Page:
Stocks hit record levels on Friday as traders shook off a disappointing print on job creation in November.
Mark Hamrick - Bankrate.com Senior Economic Analyst and Ted Oakley, Oxbow Advisors Managing Partner, joined Yahoo Finance's Jared Blikre, Seana Smith, and Adam Shapiro to break down today's market action on Yahoo Finance Live.
SEANA SMITH: Looking at gains across the board with the Dow up just over 200 points as we count down to the closing bell. We want to bring in Mark Hamrick. He's a Bankrate.com senior economic analyst. And we also have Ted Oakley of Oxbow Advisors Managing Partner there. Ted, let me start with you just in terms of the market's reaction. The market's up today despite that weaker than expected job report. How do you think the market is viewing this slowing growth that we saw in the month of November?
TED OAKLEY: Well, Seana, I think what we've had now is a momentum push. You know, when you go up every day and you keep on going up, nobody wants to do anything about that. And to me, it's just more of a momentum play right here. I don't know when that finishes out. But I don't see that as some reaction to something's going on in the economy right now.
ADAM SHAPIRO: I am curious, though, Mark. When you take a look at the economy and the different sectors, we've watched energy just been on a roll for the last two weeks. But there are some sectors that need some help. What would you say?
MARK HAMRICK: Well, I mean, I don't really comment on stock price valuations. But, you know, certainly, you can talk about areas of the economy that have been underloved for quite some time, and energy is certainly among them. And, you know, I've been thinking a lot lately about sort of what it's going to look like in, let's say, the second half of next year. And I think that despite the damage that has been done and is being done to the economy and individuals' personal finances, it's going to be a little like a roller coaster ride in a positive way.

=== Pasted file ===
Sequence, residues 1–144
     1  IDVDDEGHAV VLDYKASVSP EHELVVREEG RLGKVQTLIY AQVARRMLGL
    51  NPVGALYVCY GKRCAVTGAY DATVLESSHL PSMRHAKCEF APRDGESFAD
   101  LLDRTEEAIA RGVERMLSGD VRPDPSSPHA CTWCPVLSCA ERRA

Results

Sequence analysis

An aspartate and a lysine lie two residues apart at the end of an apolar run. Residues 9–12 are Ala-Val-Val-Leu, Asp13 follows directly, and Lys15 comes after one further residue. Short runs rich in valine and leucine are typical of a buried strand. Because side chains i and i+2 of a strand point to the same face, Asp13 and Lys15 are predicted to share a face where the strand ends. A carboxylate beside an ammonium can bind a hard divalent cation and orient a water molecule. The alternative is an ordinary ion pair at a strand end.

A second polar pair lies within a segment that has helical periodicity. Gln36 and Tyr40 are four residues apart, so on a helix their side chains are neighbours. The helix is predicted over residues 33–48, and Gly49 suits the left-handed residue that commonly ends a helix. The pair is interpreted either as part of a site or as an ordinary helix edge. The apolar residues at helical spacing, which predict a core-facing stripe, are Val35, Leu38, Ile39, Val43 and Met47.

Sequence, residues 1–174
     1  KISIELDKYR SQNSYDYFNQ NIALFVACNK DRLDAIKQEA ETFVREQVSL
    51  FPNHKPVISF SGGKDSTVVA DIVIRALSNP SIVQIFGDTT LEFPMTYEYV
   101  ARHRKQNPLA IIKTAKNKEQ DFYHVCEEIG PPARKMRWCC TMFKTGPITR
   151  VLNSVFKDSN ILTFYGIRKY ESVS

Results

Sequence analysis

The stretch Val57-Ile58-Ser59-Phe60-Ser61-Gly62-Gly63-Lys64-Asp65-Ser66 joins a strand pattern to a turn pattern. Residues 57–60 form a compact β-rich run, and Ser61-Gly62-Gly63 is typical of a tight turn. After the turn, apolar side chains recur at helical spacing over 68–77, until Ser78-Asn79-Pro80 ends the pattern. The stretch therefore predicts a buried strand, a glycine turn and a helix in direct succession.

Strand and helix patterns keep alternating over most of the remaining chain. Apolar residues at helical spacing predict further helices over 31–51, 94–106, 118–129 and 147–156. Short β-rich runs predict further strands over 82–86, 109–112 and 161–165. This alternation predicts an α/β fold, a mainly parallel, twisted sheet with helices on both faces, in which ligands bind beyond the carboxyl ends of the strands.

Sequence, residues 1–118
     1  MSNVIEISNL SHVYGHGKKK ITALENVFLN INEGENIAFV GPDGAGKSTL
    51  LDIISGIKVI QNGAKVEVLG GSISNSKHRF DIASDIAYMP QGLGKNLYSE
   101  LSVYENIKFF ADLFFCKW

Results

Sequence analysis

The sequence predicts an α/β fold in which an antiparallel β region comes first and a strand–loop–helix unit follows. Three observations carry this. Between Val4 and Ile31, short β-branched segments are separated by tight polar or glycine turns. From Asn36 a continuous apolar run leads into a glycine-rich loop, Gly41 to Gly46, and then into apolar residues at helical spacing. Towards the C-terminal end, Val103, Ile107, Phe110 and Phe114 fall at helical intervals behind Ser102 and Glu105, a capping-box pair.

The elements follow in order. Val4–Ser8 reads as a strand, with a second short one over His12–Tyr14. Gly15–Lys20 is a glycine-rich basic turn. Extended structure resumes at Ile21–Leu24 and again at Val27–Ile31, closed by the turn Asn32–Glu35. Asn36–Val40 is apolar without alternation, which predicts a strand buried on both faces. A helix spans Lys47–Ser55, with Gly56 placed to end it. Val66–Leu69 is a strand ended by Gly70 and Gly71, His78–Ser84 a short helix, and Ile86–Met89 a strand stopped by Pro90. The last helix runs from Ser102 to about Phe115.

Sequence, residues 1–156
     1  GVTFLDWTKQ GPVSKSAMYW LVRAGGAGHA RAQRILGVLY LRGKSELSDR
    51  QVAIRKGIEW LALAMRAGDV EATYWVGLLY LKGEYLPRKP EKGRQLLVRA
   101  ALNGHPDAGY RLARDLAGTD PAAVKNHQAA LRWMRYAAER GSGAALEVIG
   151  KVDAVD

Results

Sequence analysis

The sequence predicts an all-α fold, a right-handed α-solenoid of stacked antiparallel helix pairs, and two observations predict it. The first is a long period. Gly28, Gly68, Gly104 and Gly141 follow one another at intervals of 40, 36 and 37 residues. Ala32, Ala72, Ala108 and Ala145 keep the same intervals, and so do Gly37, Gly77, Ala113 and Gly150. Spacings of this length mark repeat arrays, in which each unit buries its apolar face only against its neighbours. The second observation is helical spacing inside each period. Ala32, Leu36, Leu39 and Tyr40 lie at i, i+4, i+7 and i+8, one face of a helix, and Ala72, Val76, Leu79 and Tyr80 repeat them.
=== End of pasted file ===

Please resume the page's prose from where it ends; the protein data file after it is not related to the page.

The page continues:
We're going to shoot up pretty quick once we get this widespread deployment of the vaccines. And so, you know, from a bank rate perspective, I want people to think about saving their monthly now because they're really going to want to spend when you can go to a baseball game, go to a concert, and go inside a restaurant. So I think that we might be underpricing the strength of the economy in the second half. But right now, it's a rough patch.
And so, you know, it's anyone's guess as to where valuations ought to be in the near term. But you need to be positioned for that rebound. And obviously, investors have been trying to do that for some time.
SEANA SMITH: Jared, taking a look at the market and what we're seeing today, investors seeming to look past any of the weakness that we're seeing in the economy with all three of the major averages here on track for a record.